The only theory that ever held any water was that the Mets had played all of their home games in parks with three of the largest fair-territory square footage totals. Far-away fences might mean fewer home runs, but they increase the chances of hits in distant outfield corners, or even catchable balls that were just out of range of fielders who had just that much more ground to cover, and that’s why the Mets had never thrown a no-hit game!
The problems with this explanation still obtained as the New York team took the field for what we all presumed was the 8,020th game in their no-hit-free history tonight. Even such a simply understood theory of simple math did not account for the facts a) that they have played roughly half of their games in other stadiums with less hit-friendly terrains, b) that visiting teams threw no-hitters in the Polo Grounds and Shea Stadium (hell, Bob Moose no-hit them at Shea Stadium when they were three weeks from becoming the Miracle Mets of 1969), and c) that the New York Giants, the previous occupants of the Polo Grounds, threw plenty of no-hitters there, even when the dimensions in straightaway center reached as much as 505 feet as recently as 1949.
However, with Johan Santana ending the Mets’ 50+ years of no-no-hitters tonight, the Square Footage Theory gained some new credence and respectability. Obviously, the Mets moved in the fences at virtually all points of the outfield at CitiField over the winter to increase home run production, and have gotten about a dozen dingers for their trouble. But it is unmistakable that just 28 games into the new, smaller fair footage field dimensions, the team got its first no-hitter. Fair territory is only 98 percent as large as it was last year in Flushing, and in those areas more than 300 feet from home plate, it’s only 95 percent as large.
Suddenly the theory has a lot more life to it, but I still feel like we’re in the dark ages of research here. As evidence of…something…eight ex-Mets went on to throw no-hitters for other teams (Nolan Ryan, Tom Seaver, David Cone, Dwight Gooden, Mike Scott, Hideo Nomo, Phil Humber and Jim Bibby, who was on the regular season Mets’ roster and in uniform in 1969 but never got into a League game). Finally, Santana has put a period at the end of all the data.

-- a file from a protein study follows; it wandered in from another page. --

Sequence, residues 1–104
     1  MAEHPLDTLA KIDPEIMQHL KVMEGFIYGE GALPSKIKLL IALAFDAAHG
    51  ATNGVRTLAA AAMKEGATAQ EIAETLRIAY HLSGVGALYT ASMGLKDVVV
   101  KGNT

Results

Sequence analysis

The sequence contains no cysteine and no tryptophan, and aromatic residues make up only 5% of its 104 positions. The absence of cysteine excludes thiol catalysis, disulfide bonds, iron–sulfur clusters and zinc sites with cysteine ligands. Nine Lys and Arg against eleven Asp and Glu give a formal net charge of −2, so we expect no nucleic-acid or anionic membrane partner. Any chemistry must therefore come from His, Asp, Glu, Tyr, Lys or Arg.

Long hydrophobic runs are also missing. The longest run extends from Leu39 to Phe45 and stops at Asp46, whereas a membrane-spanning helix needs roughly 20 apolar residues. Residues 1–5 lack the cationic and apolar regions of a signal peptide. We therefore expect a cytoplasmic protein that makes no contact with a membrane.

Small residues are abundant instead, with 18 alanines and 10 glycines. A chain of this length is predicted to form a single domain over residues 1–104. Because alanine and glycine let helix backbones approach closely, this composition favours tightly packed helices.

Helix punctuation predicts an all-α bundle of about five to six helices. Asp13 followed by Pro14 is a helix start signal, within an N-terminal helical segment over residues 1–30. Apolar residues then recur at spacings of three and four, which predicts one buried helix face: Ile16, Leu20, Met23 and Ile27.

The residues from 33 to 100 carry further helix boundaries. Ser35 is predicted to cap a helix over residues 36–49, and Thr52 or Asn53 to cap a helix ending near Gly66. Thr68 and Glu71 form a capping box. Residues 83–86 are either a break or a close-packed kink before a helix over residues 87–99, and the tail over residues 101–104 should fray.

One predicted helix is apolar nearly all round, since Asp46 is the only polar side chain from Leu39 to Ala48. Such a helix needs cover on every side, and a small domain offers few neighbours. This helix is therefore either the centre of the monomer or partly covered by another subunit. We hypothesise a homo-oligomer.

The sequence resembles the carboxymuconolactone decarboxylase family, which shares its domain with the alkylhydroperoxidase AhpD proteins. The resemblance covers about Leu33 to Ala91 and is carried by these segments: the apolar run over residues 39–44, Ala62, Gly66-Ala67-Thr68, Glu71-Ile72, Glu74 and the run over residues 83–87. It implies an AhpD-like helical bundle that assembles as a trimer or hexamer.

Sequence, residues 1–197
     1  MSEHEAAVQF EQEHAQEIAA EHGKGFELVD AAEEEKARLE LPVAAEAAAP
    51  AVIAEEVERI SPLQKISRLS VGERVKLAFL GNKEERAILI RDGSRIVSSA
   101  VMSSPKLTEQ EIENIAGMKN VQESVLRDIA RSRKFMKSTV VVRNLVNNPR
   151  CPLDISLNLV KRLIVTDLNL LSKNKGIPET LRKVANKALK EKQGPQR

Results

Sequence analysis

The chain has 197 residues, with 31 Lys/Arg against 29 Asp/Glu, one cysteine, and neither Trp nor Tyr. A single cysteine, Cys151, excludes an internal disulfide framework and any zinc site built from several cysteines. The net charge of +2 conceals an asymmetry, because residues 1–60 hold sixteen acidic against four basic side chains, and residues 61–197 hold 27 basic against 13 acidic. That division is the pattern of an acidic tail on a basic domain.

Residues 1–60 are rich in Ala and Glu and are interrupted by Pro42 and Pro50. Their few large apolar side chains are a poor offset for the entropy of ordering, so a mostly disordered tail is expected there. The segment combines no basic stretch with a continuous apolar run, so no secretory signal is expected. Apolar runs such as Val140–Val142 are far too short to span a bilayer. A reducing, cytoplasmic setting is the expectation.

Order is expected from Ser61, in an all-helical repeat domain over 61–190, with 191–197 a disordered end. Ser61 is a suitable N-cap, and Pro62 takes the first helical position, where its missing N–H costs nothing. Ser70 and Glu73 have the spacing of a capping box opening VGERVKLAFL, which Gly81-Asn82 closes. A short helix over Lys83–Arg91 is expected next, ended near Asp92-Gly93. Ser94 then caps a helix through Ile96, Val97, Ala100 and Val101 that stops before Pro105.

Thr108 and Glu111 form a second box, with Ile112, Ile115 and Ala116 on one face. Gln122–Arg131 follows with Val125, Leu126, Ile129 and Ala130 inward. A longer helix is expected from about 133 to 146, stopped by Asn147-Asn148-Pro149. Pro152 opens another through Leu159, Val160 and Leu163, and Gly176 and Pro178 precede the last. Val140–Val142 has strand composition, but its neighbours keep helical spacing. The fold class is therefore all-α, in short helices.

Of course, he really didn’t. Just as Armando Galarraga actually threw a perfect game for Detroit in 2010 but first base umpire Jim Joyce took it away from him by as mind-bogglingly lunkheaded a False-Safe call as any of us has ever seen, ex-Met Carlos Beltran actually broke up Santana’s bid leading the top of the 6th. Beltran sent a screamer over the bag at third that clearly caused the puff of tell-tale chalk as it landed fair behind the bag for what should have been a single or a double. Umpire Adrian Johnson flat out blew it – an undeniable fact that will always taint Santana’s effort tonight no matter how heroic, nor how extraordinary the saving catch by Flushing native and life-long Met fan Mike Baxter as he went shoulder-first into the left field wall to rob Yadier Molina in the 7th.
Incidentally, that fence would’ve been about thirteen feet further away last year. Baxter might’ve missed the ball, or not hurt himself, or been playing Molina differently, or who knows what.
If you want a more whimsical theory of why Santana finally did what Seaver et al did not do as Mets, there is this. I had personally witnessed only part of one no-hitter – Dave Righetti’s at Yankee Stadium in 1983. I had to leave that one to get to a sportscast I was doing for CNN. I thereafter instituted a rule that I would never leave a game before each pitcher’s no-hitter had been broken. Tonight was my first game back at a park in the two weeks since I underwent minor surgery. I underestimated the wear and tear of being up on my feet again, and also how quickly the post-op pain would kick in. So – yep – after two innings, with the discomfort literally making me feel faint – I went home.
Congrats to Johan Santana. I’m happy to take all the credit. Or you can rack it up to the Fair Territory Factor. Whatever: the Mets’ inexplicable streak is finally at rest.
Unless you want to make a dealio about that blown call.